East Asian Passiflora distortion virus: a novel potyvirus species causing deformation of passionfruits in Japan
Viruses assumed to belong to a new Potyvirus were detected in passionfruit plants with foliar mosaic, leaf curl and fruit malformation that were collected from Akita City, Akita Prefecture in 2013, Nago City, Okinawa Prefecture in 2014, and Satsuma Town and Yoron Island, Kagoshima Prefecture in 2015. The isolates of this virus species were not detected by ELISA and RT-PCR targeting East Asian Passiflora virus (EAPV)-AO (Amami Oshima strain), which induces woodiness disease of passionfruit in Japan. The isolates were designated PV-AK (Akita), PV-OK (Okinawa), PV-YO (Yoron), and PV-SA (Satsuma). In a host-range test of 13 cultivars of French bean, four were systemically infected with the PV isolates and two with EAPV-AO. Cowpea cv. Kurodane sanjaku was systemically infected with PV isolates and induced mosaic symptoms on non-inoculated leaves distant from the inoculated leaves but was immune to EAPV-AO. The complete genomic sequences of the PV isolates consisted of 9973 nucleotides (nt) excluding the poly(A) tail, and encoded 3217 amino acids of polyprotein, flanked by 129–130 nt of the 5′-noncoding region and 193 nt of the 3′-noncoding region. Whole-genome nucleotide and amino acid sequences indicated that they belong to identical species. The potyvirus with the highest whole-genome nucleotide identity to the PV isolates is watermelon mosaic virus, which shares 68.1% identity, versus 65.3% for EAPV-AO. On the basis of ICTV-naming regulations, these PV isolates belong to a new species in the Potyvirus genus, but are distantly related to EAPV. Here, we propose East Asian Passiflora distortion virus as the new species name.
KeywordsCoat protein gene Complete genome East Asian Passiflora distortion virus East Asian Passiflora virus Phylogenetic analysis Potyvirus
The authors gratefully acknowledge Dr. E. W. Kitajima, University of Sao Paulo, Brazil, and the Genetic Resources Division, Central Agricultural Research Department (CARD), Hokkaido Research Organization (HRO), for providing the French bean seeds. We also acknowledge Dr. A. Shimada of the fruit horticulture laboratory at the Faculty of Agriculture, Kagoshima University, for useful information on the occurrence of viral diseases in passionfruit producing areas. This work was supported by a JSPS KAKENHI Grant number 16K07620 and by World Bank Funds regulated by the Indonesian Agency of Agriculture Research and Development (IAARD).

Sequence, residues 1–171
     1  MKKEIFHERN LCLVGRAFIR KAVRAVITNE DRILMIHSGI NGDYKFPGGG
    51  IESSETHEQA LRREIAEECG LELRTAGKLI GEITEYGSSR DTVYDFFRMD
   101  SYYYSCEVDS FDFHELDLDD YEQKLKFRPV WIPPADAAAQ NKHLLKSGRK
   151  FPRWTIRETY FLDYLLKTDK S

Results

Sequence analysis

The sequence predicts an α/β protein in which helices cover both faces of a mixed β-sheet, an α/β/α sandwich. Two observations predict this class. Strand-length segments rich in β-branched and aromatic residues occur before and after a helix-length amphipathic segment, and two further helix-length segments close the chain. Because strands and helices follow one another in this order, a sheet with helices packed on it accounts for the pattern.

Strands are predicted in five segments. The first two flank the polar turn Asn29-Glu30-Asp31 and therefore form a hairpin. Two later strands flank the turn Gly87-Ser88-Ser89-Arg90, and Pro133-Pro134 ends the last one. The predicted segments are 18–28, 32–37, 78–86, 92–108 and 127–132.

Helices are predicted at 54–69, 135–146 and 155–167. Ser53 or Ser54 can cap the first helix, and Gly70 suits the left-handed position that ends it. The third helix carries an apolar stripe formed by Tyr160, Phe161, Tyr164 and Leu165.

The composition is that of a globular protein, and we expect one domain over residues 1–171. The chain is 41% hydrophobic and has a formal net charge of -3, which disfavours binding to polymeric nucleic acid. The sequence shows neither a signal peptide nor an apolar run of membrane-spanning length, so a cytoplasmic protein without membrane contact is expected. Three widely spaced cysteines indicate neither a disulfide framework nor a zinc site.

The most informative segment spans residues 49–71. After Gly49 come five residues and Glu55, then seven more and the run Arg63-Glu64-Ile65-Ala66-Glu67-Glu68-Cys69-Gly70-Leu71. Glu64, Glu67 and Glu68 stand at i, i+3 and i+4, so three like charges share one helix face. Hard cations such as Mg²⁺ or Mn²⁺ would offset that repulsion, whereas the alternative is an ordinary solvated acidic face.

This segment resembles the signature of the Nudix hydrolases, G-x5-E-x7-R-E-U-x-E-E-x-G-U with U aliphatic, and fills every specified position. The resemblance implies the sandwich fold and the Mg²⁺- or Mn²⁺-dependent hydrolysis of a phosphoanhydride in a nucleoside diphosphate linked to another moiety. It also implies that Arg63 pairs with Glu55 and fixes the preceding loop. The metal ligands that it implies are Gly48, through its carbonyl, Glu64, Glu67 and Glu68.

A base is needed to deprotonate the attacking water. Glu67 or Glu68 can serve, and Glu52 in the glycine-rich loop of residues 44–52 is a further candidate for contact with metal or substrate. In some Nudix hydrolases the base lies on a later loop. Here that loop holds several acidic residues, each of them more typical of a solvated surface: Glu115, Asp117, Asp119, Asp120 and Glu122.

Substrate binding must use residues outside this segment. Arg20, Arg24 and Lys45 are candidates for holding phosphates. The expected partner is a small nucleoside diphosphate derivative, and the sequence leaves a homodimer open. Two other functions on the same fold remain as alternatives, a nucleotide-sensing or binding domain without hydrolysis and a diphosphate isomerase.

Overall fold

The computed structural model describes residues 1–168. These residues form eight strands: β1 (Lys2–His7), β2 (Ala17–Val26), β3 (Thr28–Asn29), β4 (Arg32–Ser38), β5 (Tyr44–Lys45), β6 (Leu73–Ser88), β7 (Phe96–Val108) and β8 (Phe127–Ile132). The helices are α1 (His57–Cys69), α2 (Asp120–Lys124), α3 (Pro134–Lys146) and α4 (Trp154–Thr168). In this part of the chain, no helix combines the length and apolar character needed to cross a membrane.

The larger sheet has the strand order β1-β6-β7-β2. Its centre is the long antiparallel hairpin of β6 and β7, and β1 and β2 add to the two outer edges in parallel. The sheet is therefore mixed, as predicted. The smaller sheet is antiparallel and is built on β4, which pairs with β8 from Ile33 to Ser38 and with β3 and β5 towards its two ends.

Compliance with ethical standards
Conflict of interest
The authors declare that they have no conflict of interest.
This article does not contain any studies with human participants or animals performed by any of the authors.
- Cerqueira-Silva CBM, Faleiro FG, de Jesus ON, dos Santos ESL, de Souza AP (2016) The genetic diversity, conservation, and use of passion fruit (Passiflora spp.). In: Ahuja MR, Jain SM (eds) Genetic diversity and erosion in plants, sustainable development and biodiversity, vol 8. Springer, Cham, pp 215–231CrossRefGoogle Scholar
- Iwai H, Yamashita Y, Nishi N, Nakamura M (2006) The potyvirus associated with the dappled fruit of Passiflora edulis in Kagoshima Prefecture, Japan is the third strain of the proposed new species East Asian Passiflora virus (EAPV) phylogenetically distinguished from strains of Passion fruit woodiness virus. Arch Virol 151:811–818CrossRefGoogle Scholar
- Malpica JM, Fraile A, Moreno I, Obies CI, Drake JW, Garcia-Arenal F (2002) The rate and character of spontaneous mutation in an RNA virus. Genetics 162:1505–1511Google Scholar
- Monjero K, Mbogo E, Irungu J, Miano D (2015) Establishment of Nicotiana benthamiana in the green house. Schol J Agric Sci 5:59–62Google Scholar
- Yonaha T, Tamori M, Yamanoha S, Nakasone T (1979) Studies on passionfruit virus diseases in Okinawa: 1. Cucumber mosaic virus isolated from diseased Passiflora edulis and Passiflora foetida plants (in Japanese with English summary). Sci Bull Coll Agric Univ Ryukyus 26:29–38Google Scholar